Wild swimming is available for free throughout the country and continues to grow in popularity.

Boy of ten caught wild swimming

Christmas day sea swimming

Data released to the Telegraph & Argus under Freedom of Information rules shows a drop over the last five years – from 1,172,119 visitors in 2007-08 and a high of 1,268,092 in 2009-10 at the height of the programme offering free swimming for children and pensioners, to a low of 1,113,981 in 2011-12. More…

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Happy birthday: Gladys with brother Walter Fox

 

Gladys McInley, from Park Road, Teddington, was 107 on Wednesday, November 28.

The Richmond Twickenham Times reports her brother Walter Fox, 96 years young as saying: “I think her secret of long life is her outdoor lifestyle.

“She used to do swimming and outdoor camping and all that. She swam until she was about 80.

“I also swam every day until I was 86. That’s the only thing I can think is the secret to such a good age.

“She’s a real fresh air fiend.”

Outdoor swimming and fresh air are a real tonic, lifting the spirit and strengthening the body.

To read more about the benefits of swimming in sunshine click here…

To discover the benefits of swimming in cold water click here…

To discover the history of British swimming click here…

For advice on safe outdoor swimming click here…

 

 

 

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The £19m Olympic standard swimming pool in Corby is struggling to cope with demand after London 2012 because it can not get enough instructors. More…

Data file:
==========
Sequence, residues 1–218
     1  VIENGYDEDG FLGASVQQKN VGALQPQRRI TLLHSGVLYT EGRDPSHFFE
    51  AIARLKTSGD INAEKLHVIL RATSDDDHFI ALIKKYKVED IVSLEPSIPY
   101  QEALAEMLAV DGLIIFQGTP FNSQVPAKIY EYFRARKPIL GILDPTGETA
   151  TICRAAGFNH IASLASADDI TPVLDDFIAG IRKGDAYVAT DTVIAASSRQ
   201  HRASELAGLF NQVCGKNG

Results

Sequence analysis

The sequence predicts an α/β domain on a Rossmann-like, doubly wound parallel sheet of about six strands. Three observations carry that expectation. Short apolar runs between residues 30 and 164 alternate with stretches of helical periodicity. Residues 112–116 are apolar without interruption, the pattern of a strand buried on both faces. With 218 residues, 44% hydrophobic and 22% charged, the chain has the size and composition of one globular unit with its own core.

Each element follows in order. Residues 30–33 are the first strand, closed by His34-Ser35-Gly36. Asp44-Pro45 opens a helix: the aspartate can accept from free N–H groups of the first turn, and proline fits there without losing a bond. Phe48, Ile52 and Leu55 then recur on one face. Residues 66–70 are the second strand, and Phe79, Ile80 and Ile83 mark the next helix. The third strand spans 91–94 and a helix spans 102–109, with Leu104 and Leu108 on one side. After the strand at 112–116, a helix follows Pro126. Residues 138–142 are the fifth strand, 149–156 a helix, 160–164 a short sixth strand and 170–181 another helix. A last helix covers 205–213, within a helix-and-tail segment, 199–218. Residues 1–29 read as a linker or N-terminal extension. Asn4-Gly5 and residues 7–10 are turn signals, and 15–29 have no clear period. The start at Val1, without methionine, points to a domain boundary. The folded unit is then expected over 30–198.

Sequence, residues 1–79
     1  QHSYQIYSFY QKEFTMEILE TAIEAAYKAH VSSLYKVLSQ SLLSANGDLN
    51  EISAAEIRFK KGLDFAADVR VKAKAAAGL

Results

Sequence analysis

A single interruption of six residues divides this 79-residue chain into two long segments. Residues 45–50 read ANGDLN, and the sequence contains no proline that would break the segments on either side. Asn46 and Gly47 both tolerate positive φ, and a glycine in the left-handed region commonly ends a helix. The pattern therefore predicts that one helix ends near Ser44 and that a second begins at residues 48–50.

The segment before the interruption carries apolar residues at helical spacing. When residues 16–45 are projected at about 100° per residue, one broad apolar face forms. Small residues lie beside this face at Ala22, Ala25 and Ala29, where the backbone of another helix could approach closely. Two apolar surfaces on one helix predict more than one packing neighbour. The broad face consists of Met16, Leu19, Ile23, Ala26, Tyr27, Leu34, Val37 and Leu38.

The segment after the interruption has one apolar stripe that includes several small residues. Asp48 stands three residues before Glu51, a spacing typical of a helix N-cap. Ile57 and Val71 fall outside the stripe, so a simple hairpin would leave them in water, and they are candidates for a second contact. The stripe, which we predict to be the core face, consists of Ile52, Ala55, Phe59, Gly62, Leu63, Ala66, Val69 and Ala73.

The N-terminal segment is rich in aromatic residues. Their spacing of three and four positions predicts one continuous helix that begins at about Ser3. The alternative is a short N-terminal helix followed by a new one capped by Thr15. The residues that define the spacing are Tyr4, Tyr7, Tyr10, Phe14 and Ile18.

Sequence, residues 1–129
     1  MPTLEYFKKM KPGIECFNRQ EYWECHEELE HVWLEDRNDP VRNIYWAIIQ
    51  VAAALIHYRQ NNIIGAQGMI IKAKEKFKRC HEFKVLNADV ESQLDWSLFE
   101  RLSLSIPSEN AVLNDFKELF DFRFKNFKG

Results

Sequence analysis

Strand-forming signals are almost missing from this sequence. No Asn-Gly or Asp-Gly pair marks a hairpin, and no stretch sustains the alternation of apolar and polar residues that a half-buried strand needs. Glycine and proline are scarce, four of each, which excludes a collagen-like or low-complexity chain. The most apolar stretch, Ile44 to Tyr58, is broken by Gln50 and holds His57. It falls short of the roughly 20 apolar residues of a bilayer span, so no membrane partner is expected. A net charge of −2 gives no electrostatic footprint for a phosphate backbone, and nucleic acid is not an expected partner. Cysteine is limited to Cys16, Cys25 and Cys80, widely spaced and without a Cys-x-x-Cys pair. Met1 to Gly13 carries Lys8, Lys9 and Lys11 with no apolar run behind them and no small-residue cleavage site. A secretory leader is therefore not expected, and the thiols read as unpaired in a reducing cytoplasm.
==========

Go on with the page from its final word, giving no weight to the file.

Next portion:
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Open water swimming has been singled out as too dangerous a sport and so people are being warned not to be inspired by the Olympics and swim in open water during the summer.

Councilor Mark Winnington of Staffordshire County Council issued the warning fearing that some may be inspired by the open water swimming events at the Olympics. According to This is Stratfordshire he said: “The water could be inviting, but also deadly.” It is true as he says that during Olympic competitions “…crews follow them every step of the way.” (During training, much less supervision is necessary, especially as there is no need for the camera crews to document every stroke.) By contrast he states: “This is completely different from people just deciding to go for a swim on a warm sunny day. Open water can be very deep and very cold and even the most experienced of swimmers can find themselves struggling.”